Guwahati, 21 June-2014,Simantik Dowerah: During his days as the chief of the dreaded ‘709 Battalion’ of the United Liberation Front of Asom, or Ulfa—Naba Kumar Sarania alias Hira Sarania—was one name that would send a chill down the spine. Soon after assuming charge of the deadly strike unit on 26 October 2008, he became a nightmare for the security apparatus in Assam. But things have changed today as Sarania is now technically on the other side of the fence. He now represents Kokrajhar Lok Sabha constituency in Assam as an independent MP.
Exclusive Interview of Kokrajhar MP Naba Sarania:No regrets about past ex Ulfa leader
The Kokrajhar seat comprises of 10 Assembly segments, eight of which are reserved for ST. Belonging to the Sarania-Kachari community, Sarania represents the often violence-prone Bodoland Territorial Area Districts (BTAD) of Kokrajhar, Chirang and Baksa apart from portions of Barpeta, Bongaigaon, Goalpara and Nalbari districts in Parliament.
Former Ulfa militant and Kokrajhar MP Naba Sarania. Former Ulfa militant and Kokrajhar MP Naba Sarania. The 45-year-old Sarania has quite a few first against his name. He is not only the first non-Bodo MP to represent Kokrajhar but also the first member in Parliament who was part of the Ulfa. He was arrested on 20 August 2012 in Guwahati on charges of robbery, kidnap and murder and is currently out on bail.
Seen as a new hope for the non-Bodo population in the BTAD area, Sarania has the backing of many significant non-Bodo organisations like Sanmilita Janagostiya Aikkyamancha, Obodo Suraksha Samiti, All Bodo Muslim Students’ Union and All Assam Minority Students’ Union apart from many other smaller groups.
Sarania spoke to Firstpost about his new innings as an MP, what he intends to do for Kokrajhar and what he thinks today about his past as a dreaded Ulfa insurgent. Edited excerpts:
How are you dealing with the separate state demand of the Bodos? You must be aware that the home ministry on 28 February this year had already constituted a one-man committee, under former home secretary GK Pillai, to study the feasibility of a separate state.
There is no question of a separate Bodoland state. As you know the Bodos are not in majority in the Bodoland Territorial Council. Around 75 percent of the population are non-Bodos. There are Assamese, Muslims, Adivasis, Bengalis, Nepalese and so many other people who are not Bodos. These people fear that if a separate Bodoland state is formed it would make life difficult for them and deprive them of opportunities. Simply speaking, they fear being discriminated by the minority Bodos. This should not happen. If the Centre tries to create a separate Bodoland I will vociferously protest along with my people in my constituency against such a move. I believe that the BTAD should be dissolved to give everyone a level-playing field.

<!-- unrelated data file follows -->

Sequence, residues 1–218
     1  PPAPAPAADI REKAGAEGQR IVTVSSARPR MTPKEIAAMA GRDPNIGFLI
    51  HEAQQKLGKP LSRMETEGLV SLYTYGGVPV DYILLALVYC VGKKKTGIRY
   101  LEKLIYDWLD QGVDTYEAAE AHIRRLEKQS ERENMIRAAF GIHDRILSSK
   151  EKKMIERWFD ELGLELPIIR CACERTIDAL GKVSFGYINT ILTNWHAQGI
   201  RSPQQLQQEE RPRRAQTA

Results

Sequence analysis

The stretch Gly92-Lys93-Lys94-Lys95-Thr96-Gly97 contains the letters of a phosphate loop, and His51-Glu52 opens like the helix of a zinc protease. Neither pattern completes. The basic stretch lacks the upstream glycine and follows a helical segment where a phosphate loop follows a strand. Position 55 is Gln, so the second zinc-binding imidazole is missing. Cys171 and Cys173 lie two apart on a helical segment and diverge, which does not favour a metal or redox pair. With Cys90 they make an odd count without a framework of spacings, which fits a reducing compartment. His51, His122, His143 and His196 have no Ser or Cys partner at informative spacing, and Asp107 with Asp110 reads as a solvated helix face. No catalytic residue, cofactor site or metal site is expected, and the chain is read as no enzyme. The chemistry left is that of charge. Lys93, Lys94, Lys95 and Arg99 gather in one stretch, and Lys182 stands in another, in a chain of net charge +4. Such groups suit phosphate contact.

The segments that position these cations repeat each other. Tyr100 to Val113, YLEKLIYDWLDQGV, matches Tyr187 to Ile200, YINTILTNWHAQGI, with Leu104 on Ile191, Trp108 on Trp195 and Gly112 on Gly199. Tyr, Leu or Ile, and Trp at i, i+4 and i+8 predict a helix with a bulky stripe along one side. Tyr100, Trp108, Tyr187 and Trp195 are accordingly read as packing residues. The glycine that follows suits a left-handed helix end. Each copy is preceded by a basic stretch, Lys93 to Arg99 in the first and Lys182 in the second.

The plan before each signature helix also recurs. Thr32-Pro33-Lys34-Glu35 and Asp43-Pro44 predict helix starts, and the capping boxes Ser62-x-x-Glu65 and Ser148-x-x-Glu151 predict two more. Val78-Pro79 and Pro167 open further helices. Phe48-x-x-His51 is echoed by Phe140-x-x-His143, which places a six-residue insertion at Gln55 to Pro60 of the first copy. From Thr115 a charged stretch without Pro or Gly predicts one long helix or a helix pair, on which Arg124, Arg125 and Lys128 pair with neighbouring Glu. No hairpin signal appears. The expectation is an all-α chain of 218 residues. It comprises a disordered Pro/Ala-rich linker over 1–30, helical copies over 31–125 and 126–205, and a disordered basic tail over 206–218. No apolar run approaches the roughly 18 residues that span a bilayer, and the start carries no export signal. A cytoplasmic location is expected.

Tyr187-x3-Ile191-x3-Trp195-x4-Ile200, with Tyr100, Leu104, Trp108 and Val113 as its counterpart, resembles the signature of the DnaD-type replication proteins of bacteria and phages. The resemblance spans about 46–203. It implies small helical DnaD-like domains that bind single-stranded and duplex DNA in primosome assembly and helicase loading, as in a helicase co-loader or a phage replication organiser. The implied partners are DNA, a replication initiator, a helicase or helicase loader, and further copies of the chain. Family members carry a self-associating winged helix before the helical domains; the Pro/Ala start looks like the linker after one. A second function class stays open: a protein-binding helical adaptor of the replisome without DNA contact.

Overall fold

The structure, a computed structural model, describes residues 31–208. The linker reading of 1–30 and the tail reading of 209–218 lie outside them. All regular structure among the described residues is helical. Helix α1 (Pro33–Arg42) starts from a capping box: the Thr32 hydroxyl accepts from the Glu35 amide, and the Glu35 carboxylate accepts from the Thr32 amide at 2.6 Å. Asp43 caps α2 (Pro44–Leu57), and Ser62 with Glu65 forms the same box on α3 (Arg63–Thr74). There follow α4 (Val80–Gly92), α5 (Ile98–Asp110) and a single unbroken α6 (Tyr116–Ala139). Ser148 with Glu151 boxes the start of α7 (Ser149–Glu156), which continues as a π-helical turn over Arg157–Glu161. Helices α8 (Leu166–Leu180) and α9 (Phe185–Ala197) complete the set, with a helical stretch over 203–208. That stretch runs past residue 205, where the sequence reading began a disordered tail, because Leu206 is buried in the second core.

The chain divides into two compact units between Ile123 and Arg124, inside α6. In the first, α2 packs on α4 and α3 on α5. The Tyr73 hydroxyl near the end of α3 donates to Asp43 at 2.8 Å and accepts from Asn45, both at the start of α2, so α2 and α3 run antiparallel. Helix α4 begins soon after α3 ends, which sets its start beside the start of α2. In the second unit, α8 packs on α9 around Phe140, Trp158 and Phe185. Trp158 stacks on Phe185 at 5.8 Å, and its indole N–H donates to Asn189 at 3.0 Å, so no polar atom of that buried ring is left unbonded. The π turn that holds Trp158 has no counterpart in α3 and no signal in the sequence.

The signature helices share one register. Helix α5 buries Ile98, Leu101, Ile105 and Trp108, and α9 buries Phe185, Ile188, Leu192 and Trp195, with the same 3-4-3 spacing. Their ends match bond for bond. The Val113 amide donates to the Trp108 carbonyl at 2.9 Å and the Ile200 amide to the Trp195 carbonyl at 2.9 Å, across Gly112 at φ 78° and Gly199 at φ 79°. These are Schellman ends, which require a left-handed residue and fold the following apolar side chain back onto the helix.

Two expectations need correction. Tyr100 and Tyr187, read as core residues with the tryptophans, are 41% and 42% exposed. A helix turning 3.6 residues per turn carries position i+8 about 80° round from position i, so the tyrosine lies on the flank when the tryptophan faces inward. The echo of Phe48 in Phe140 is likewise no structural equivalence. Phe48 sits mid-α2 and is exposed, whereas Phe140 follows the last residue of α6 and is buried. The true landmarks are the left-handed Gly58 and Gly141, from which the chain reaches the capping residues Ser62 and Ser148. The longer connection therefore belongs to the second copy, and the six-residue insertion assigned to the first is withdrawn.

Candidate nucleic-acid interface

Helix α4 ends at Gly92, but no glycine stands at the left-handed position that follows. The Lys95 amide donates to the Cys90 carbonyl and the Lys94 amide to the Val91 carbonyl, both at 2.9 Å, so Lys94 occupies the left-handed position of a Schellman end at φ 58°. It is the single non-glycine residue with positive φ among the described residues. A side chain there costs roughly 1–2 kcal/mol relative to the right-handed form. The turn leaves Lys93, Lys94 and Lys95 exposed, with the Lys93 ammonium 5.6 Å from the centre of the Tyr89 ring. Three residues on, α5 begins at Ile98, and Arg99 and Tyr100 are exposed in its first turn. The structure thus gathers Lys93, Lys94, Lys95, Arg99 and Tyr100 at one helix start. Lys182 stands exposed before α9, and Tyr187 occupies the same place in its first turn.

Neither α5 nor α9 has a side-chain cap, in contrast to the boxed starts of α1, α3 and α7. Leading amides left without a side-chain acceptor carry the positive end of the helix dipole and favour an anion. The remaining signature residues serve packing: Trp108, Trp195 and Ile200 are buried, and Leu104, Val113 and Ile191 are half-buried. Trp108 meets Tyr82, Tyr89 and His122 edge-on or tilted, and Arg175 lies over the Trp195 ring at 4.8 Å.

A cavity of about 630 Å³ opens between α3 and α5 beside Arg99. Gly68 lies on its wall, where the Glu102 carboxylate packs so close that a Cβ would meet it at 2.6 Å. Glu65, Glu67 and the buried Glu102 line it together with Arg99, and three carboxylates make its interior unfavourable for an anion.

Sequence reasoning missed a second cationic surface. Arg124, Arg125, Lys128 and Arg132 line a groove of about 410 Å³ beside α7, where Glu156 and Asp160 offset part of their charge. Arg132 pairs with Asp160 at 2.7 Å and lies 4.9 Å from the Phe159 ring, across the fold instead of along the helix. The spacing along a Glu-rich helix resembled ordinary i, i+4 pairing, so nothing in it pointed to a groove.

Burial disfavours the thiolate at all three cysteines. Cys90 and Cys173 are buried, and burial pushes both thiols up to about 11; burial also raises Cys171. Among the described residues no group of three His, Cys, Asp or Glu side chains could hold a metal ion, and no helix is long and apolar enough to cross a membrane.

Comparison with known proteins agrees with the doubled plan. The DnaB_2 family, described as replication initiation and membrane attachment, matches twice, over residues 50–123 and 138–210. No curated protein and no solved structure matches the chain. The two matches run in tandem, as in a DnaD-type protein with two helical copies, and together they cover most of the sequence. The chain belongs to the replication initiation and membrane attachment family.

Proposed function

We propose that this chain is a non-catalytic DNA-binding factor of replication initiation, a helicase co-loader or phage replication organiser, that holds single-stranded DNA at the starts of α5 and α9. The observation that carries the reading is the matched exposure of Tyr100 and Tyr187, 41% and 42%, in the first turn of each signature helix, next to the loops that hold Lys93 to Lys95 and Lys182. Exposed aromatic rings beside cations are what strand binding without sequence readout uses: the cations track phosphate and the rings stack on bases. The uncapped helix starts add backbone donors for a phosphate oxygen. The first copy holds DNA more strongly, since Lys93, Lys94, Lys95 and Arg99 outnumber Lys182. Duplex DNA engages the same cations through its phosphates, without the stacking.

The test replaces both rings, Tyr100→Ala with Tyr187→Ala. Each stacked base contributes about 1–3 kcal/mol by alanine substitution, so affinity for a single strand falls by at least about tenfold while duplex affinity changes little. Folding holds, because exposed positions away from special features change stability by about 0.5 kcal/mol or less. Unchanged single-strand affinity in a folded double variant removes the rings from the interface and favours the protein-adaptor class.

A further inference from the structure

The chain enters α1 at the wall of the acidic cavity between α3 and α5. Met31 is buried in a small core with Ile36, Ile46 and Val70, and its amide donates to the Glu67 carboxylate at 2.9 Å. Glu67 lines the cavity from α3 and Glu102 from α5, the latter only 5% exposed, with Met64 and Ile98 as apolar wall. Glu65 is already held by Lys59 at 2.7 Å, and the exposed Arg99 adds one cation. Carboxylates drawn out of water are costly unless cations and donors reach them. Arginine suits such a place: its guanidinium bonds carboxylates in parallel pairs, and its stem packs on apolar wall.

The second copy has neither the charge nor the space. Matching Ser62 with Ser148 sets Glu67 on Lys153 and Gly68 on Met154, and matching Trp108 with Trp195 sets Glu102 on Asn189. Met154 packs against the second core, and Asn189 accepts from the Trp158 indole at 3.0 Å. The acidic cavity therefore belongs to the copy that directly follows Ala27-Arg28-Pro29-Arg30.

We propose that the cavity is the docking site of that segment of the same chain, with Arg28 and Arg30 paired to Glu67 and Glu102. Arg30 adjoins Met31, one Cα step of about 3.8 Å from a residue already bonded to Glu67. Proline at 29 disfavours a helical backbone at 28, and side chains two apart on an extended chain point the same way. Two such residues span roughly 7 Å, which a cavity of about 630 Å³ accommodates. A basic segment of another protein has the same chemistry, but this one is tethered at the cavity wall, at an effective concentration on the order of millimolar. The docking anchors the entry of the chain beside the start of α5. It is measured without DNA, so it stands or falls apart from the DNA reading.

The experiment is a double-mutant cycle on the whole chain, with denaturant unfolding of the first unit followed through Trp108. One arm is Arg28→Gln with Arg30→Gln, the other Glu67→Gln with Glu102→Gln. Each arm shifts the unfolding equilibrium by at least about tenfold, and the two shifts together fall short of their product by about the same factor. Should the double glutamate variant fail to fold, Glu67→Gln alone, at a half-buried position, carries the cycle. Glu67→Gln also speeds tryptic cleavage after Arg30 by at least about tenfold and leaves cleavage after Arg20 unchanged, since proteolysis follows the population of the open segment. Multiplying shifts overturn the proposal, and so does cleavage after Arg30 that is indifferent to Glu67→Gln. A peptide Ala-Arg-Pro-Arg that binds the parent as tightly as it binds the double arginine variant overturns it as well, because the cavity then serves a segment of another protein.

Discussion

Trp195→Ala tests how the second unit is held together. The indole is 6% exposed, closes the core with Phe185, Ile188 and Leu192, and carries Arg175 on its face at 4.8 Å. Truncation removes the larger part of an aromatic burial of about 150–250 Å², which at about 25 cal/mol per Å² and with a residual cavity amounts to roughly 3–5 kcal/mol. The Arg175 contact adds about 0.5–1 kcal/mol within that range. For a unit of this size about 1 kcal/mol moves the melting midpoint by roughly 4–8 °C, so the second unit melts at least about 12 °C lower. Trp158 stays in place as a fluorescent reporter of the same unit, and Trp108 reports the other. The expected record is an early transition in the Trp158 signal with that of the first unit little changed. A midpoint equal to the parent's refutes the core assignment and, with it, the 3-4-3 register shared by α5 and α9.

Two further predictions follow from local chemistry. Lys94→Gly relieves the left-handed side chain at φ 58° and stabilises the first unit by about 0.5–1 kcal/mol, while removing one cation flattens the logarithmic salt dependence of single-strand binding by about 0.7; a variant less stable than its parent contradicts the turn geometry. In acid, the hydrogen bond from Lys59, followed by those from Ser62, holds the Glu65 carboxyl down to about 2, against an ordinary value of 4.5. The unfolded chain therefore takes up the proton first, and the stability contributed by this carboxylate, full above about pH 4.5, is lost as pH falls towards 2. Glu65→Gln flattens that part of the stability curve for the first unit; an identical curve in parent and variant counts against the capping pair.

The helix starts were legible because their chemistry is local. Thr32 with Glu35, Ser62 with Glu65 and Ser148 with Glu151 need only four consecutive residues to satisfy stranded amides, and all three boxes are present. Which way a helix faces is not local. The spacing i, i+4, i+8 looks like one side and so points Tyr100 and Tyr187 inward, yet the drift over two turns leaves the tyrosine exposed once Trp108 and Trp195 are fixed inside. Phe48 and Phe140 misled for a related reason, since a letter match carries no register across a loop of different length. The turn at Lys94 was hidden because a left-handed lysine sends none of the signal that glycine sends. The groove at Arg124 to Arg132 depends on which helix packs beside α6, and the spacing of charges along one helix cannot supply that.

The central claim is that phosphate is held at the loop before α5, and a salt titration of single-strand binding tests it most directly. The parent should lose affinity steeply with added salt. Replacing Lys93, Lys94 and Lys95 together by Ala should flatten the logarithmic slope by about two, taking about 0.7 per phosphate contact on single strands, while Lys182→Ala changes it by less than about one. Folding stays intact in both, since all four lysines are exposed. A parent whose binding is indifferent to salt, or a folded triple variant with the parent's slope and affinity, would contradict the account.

You have the support of many Muslim organisations in the BTAD area. But you also have a serious problem of illegal influx by Muslim migrants from Bangladesh to the region. Due to this the area has seen so many conflicts between Bodos and Muslims. How will you stem the influx and maintain the balance?
I have a problem when the entire Muslim population of the region is viewed as illegal migrants. I am not denying about the presence of illegal migrants. If the government needs any help to expel the illegal migrants I am with them. The government must stern action against those who are not bonafide citizens. I have nothing to say there. But harassing a genuine citizen only because he or she is a Muslim is what I am against. Even the true citizens that includes Muslims also want those staying illegally deported to their own country.
The divide between the Bodos and non-Bodos is widening with every passing day. How will you unite the two sides. How is your relationship with the Bodoland People’s Front chief Hagrama Mohilary and other leaders of the party? Are you now not seen as an anti-Bodo figure given the proximity you share with the non-Bodos?